• The use of a disguise
  • That the incident occurred while the victim was working alone
  • That MA had an equal role in the decision to rob the restaurant
  • The effect on the victim

Mitigating factors:

  • The early admission
  • No actual physical violence
  • No property actually stolen
  • MAs considerable remorse
  • MA's youth

MAs personal circumstances

  • MA had a long history of suffering from ADD, with difficulties with medication dosage in respect of that disorder. He was assessed as having considerable potential academically, had excelled at sport, but had a history of being bullied at school. After being beaten at school, MA stopped taking his medication, began mixing in a bad crowd, making poor choices and he was beaten up and robbed by a stranger in May 2008.
  • MA had also saved money to make a reparation payment to the victim and was prepared to meet the victim and offer an apology. MA had a job, and (depending on the outcome of the decision) an apprenticeship.
  • MA had a supportive family. He had no YC history.

Police v Rangihika followed rather than R v Mako [2000] 2 NZLR (CA) (the tariff case for aggravated robbery in the adult jurisdiction).

The decision R v IM HC Auckland CRI-2007-292-000359, 5 February 2008 per Heath J was relevant to the consideration of whether Youth Court alternatives were available. In that case Youth Court jurisdiction was declined primarily on the grounds of public interest.

Decision:
Deciding not to convict and transfer MA to the District Court for sentencing, The Youth Court Judge ordered 6 months supervision (with special conditions) and 200 hours of community work. Order to pay $1000 emotional harm reparation.

Whilst the offence was serious, with aggravating features, there were also several mitigating features. This was not a situation which fell into the most serious category. In addition, the lack of prior Youth C offending and MAs personal circumstances were other relevant factors. The necessary deterrence and accountability could be adequately met by the Youth Court sentence.

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Police v PM YC Manukau CRI-2008-292-000004, 9 September 2008

File number: CRI-2008-292-000119
Court: Youth Court, Manukau
Date: 9 September 2008
Judge: Judge Malosi 
Key title: Criminal Procedure (Mentally Impaired Persons) Act 2003: Disposition if unfit, Secure care (ss 367-383A)

Case Summary:
Hearing to determine what orders, if any should be made pursuant to ss 24 or 25 of the Criminal Procedure (Mentally Impaired Persons) Act 2003 (CP(MIP)). If PM was made a care recipient under the Intellectual Disability (Compulsory Care and Rehabilitation) Act (ID(CCR)), whether this order could be carried out in his family home.

The Police and the Ministry of Health agreed that the most appropriate order would be under s 25(1)(b) of the CP(MIP), deeming PM to be a care recipient and triggering processes in relation to his care and protection.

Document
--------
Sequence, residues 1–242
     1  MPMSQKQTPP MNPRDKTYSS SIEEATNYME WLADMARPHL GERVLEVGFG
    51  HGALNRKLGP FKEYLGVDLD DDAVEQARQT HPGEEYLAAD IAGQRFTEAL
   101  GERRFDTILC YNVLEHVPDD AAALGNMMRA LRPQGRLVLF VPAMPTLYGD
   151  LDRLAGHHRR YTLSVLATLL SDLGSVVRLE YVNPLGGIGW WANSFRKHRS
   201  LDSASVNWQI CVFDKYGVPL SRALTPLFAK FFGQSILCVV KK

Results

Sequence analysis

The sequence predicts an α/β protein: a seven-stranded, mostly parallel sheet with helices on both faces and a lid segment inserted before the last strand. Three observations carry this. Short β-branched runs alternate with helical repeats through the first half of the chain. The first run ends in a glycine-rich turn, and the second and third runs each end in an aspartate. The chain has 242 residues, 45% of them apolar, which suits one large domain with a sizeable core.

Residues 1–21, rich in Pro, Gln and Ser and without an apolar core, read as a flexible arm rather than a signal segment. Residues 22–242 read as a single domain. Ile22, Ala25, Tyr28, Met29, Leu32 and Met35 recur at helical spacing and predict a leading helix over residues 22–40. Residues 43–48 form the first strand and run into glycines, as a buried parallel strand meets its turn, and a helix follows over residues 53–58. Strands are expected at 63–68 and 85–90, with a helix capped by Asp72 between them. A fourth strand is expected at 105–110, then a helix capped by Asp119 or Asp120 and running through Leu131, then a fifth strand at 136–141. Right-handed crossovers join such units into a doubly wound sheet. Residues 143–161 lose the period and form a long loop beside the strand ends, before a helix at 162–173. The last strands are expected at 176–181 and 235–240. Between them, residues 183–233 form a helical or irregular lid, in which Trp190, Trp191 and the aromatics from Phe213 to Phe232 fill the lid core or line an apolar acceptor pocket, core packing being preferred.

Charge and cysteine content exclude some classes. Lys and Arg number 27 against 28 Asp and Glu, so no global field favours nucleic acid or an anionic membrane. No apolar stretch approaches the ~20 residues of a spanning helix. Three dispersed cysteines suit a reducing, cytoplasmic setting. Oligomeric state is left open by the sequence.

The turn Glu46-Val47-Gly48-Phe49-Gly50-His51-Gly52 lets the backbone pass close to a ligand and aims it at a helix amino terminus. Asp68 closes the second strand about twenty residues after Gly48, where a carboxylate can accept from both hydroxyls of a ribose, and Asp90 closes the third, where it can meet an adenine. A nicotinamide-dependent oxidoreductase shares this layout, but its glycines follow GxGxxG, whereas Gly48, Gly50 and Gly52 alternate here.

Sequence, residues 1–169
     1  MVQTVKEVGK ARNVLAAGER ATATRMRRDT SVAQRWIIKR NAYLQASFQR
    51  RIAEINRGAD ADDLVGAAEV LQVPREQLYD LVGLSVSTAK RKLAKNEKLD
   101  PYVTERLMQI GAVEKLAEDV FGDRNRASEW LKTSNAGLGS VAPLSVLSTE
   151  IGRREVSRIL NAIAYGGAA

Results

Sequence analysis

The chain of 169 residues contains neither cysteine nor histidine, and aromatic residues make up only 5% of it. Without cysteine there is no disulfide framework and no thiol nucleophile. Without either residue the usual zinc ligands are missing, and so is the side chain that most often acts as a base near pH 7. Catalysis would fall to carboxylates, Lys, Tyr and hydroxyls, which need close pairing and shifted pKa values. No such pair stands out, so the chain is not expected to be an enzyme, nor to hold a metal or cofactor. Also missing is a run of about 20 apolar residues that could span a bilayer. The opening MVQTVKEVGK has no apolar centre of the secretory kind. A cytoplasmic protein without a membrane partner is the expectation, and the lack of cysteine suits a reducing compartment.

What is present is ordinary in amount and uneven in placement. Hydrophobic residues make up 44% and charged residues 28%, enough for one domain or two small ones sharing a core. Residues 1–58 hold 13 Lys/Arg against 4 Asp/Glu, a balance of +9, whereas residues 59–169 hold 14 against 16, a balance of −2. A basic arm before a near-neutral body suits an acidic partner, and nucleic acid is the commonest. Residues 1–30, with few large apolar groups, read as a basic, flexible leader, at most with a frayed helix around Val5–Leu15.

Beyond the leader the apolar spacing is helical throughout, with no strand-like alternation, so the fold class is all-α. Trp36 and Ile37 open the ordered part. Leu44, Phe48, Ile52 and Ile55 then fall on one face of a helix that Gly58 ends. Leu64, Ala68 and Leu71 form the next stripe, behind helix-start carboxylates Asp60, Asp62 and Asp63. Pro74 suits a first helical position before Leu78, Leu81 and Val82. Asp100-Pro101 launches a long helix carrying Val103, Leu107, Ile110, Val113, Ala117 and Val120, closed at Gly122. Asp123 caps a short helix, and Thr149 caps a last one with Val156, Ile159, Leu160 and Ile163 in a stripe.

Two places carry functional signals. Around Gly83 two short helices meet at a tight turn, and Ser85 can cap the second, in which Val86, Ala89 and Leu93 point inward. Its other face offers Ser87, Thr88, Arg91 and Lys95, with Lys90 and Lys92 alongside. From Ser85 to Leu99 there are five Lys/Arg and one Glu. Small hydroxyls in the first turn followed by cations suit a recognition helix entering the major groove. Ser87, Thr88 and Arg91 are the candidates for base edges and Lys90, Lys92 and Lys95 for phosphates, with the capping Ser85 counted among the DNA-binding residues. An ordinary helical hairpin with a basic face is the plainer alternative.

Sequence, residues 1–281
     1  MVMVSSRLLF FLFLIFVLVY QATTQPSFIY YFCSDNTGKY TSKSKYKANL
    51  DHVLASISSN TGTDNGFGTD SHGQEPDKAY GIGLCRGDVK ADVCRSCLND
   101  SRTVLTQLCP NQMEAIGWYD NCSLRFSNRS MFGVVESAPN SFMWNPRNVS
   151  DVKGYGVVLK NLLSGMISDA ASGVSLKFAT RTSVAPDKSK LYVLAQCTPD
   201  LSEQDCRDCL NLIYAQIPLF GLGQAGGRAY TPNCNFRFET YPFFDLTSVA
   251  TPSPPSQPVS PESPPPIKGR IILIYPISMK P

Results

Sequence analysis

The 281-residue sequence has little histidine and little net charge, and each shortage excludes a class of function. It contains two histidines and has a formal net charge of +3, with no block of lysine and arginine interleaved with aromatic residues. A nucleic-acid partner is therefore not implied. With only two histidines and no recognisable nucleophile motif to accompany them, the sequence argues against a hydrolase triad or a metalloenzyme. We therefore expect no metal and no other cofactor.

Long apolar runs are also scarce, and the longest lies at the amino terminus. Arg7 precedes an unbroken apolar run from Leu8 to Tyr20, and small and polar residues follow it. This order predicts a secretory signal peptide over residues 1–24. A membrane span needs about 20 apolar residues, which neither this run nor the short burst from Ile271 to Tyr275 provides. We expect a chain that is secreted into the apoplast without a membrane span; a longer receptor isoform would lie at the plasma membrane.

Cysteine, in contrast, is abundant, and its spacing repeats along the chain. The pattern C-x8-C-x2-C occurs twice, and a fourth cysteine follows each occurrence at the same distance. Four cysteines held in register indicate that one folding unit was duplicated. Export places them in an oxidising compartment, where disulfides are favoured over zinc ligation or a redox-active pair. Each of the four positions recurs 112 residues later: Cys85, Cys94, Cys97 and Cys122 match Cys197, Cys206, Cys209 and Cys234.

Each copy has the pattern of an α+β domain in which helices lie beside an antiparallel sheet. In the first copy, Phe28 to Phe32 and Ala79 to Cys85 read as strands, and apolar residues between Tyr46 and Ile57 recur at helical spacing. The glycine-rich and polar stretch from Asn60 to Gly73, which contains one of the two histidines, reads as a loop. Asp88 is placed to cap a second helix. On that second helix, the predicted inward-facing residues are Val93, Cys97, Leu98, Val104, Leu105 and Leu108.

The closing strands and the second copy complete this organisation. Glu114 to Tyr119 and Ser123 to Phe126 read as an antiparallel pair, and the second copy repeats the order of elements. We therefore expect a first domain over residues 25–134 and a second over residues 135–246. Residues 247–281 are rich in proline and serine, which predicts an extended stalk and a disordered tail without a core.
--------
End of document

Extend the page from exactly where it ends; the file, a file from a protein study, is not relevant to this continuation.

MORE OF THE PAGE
Decision
The Youth Court Judge ruled out the possibility under s 24 of CP(MIP) that PM be placed in a hospital as a special patient under the Mental Health (Compulsory Assessment and Treatment) Act, or in a secure facility as a special patient under the ID(CCR). Neither option is appropriate nor was sought.

Remaining options:

  1. Make an order under s 25(1)(b) of the CP(MIP) that PM be cared for as a care recipient under ID(CCR); or
  2. Order his immediate release pursuant to s 25(1)(d) of the CP(MIP).

Given the seriousness of the offending, and multiple diagnoses in respect of PM, making no order was not an option. Significant weight was placed on the fact that if there were no order under ID(CCR) there would be no possibility of RIDCA (the specialist administrator of support services for intellectually disabled) providing support and PMs family would be left to battle for support from mainstream Disability Support Services. PM needed that highest level of care and the family would be unable to address the issues identified without clear and mandatory structure.

Any decision under the ID(CCR) must take into account PMs sense of timeframe, which was directly relevant to the need to finally deal with these matters today and in determining the length of time that any order is made for.

After considering Counsels submissions, correspondence from RIDCA, the Specialist Assessors report, the needs assessment, the cultural assessment, a letter from the Principal of PMs school and submissions from the family and Justice Action Group, the Youth Court Judge decided that PM was to be made a care recipient pursuant to s 25(1)(b) of the CP(MIP).

Meaning of facility
Whether PM's home could be deemed to be a facility within the definition in s 9 of the ID(CCR).

Section 9(1) defines facility as a place that is used by a service for the purpose of providing care to persons who have intellectual disability (whether or not the place is also used for other purposes).

Section 9(3) Provides: A facility that is not a secure facility need not have any particular features and, accordingly, a building (such as a residential home) that is not an institution can be used as such a facility.

Counsel for the Police submitted that s 9 does not preclude the use of a family home. Counsel for the Ministry of Health rebutted that submission and his argument was accepted by the Youth Court Judge. He argued that once the Court makes an order under s 25(1)(b) of the CP(MIP), the Court then has the authority under s 26(2) only to direct whether or not PM is to be detained in a secure facility, and the term of the order pursuant to s 46 ID(CCR). The Youth Court Judge stated the situation is analogous to s 238(1)(d) of the CYPFA. The Youth Court makes an order that a young person be detained in custody and the Chief executive of the MSD determines where such detention shall be.